Metro | WYPR

Metro

Mark Goebel/Flickr via Creative Commons

  

Twelve million gallons. That’s how much sewage Baltimore’s Department of Public Works estimates was dumped into the Inner Harbor last week after heavy rains overwhelmed the city’s dilapidated sewer system.This news comes on the heels of Baltimore missing the January 1 deadline imposed by the US Environmental Protection Agency and the state Department of the Environment to eliminate overflows and spills. Halle Van der Gaag, Director of Blue Water Baltimore and Mark Reutter of The Baltimore Brew, join us to discuss the city’s response to this massive discharge, as well as the impact of sewage releases on our trails and waterways, and on public health.

Kenneth Burns / WYPR

A sea change is coming to the Baltimore City Council: Nearly half the members are not seeking reelection this year. Three of the 15 are retiring, two are vacating their seats to run for mayor, and another is pursuing a judgeship. Luke Broadwater of The Baltimore Sun and WYPR news analyst Fraser Smith join us to discuss the implications.

Digital Harbor HS

While a Baltimore jury deadlocked over the fate of Officer William Porter last week, teachers in city schools used the case to teach social studies lessons. Now that court officials have scheduled a new trial for Porter, one of six city police officers charged in the death of Freddie Gray, city teachers will continue to use what happens inside the courtroom as a learning tool for their students.

City teachers and students braced for a verdict in Porter’s trial last week, but it ended Wednesday with a hung jury and a mistrial. On Friday, in Brianna Carter’s first period, 10th grade social studies class at Digital Harbor High School the trial provided a chance to talk about central themes in her class, like due process and the Constitution.

    

As expected, the Baltimore County Council voted Monday night to phase out the county's storm water management fee. WYPR's John Lee was there and joined Morning Edition host Matt Tacka to talk about how the county will go about getting rid of the fee.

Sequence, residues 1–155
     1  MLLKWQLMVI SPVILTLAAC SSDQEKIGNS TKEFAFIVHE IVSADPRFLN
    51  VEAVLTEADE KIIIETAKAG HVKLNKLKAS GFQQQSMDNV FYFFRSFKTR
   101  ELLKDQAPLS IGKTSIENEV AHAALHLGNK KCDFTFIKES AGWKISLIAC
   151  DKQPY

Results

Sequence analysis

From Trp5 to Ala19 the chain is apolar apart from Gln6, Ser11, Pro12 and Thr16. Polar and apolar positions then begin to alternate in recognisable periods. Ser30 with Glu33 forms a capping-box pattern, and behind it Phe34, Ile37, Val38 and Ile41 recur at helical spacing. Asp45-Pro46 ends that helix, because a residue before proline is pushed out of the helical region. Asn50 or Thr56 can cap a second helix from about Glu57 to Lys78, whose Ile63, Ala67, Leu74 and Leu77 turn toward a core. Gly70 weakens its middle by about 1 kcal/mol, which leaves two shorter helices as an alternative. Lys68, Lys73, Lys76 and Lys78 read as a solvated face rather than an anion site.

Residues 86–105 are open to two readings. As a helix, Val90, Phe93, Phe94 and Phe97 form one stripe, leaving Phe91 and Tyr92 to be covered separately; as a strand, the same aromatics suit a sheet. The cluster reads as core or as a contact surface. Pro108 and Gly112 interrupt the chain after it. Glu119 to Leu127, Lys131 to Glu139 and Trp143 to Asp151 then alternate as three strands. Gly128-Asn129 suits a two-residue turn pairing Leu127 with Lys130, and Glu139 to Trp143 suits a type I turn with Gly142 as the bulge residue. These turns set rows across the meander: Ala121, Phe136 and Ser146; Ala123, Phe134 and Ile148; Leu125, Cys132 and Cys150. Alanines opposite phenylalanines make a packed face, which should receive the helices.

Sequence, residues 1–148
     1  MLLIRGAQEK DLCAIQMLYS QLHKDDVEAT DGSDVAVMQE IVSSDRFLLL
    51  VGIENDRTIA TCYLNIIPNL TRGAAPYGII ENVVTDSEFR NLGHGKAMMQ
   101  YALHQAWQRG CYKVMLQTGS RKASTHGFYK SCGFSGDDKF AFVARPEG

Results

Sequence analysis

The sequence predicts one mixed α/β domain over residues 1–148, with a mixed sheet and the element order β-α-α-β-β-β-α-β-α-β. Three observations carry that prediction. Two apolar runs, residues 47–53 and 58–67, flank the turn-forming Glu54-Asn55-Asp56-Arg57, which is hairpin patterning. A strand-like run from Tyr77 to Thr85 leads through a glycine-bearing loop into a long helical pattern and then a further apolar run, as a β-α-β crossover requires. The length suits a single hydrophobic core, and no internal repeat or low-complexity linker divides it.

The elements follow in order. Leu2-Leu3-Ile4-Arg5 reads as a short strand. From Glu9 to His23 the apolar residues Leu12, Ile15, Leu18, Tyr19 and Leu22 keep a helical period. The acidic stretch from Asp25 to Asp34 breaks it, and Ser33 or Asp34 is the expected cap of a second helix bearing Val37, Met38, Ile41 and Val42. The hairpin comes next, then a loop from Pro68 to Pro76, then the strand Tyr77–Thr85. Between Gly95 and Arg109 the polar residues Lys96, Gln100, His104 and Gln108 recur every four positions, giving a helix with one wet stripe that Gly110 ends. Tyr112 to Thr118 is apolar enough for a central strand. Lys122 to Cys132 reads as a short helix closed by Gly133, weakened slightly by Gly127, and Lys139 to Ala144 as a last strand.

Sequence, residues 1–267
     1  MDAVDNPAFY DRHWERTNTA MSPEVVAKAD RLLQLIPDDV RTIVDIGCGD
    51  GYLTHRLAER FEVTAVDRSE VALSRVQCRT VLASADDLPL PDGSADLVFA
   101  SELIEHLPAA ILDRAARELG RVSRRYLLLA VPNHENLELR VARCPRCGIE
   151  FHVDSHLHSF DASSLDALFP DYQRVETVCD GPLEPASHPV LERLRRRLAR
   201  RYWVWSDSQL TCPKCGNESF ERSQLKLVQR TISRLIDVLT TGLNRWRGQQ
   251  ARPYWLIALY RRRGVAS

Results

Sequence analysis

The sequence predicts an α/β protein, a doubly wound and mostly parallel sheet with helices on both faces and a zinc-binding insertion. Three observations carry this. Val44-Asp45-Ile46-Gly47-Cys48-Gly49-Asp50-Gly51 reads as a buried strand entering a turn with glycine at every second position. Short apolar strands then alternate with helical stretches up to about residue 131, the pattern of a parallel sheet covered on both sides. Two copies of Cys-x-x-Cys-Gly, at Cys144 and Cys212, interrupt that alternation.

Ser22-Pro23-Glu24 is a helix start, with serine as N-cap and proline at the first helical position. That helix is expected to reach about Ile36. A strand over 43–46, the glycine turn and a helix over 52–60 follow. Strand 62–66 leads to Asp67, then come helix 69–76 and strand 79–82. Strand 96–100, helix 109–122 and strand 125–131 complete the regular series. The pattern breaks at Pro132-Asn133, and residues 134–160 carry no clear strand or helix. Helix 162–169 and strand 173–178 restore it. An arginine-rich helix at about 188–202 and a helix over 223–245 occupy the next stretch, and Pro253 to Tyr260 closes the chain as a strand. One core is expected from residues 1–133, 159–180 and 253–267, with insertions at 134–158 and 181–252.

The Baltimore County Council is expected to vote tonight to phase out the county’s storm water management fee by July 2017. But the repeal of the so-called “rain tax” is proving to be a politically bumpy ride.

Hope For Families Expanded In Sandtown

Oct 30, 2015

  Imagine an apartment with one bedroom, one laundry room, a dining area and a couple of bathrooms for 75 people. That’s about what Sarah’s Hope, a homeless shelter in Sandtown-Winchester, was like when it opened in 2008.

Now, after an $8 million expansion, the West Baltimore facility shelter is one of the few homeless shelters in the city that can accommodate intact families; mom, dad and kids.

“Rain Tax” Going Away in Baltimore County

Oct 24, 2015

The Baltimore County Council plans to repeal the county’s storm water management fee. All seven members of the Council said Monday they are united to phase out the so-called rain tax over the next two years.

  The Baltimore County Council has put off for at least two weeks a vote on whether to make developers in Towson pay more money if their projects don’t provide enough open space. The move came during Monday’s council meeting. 

Confirmed and Sworn: Davis Is Now Permanent Commissioner

Oct 23, 2015

  The Baltimore City Council confirmed Kevin Davis Monday as the city’s 38th police commissioner, and Mayor Stephanie Rawlings Blake swore him in. But none of it happened without protest. 

Kopp Weighs In On AC Issue

Oct 8, 2015

For three weeks, Comptroller Peter Franchot has been criticizing Baltimore County Executive Kevin Kamenetz for not air conditioning all the county’s schools fast enough. It wasn’t a question of money, Franchot said, but of leadership.

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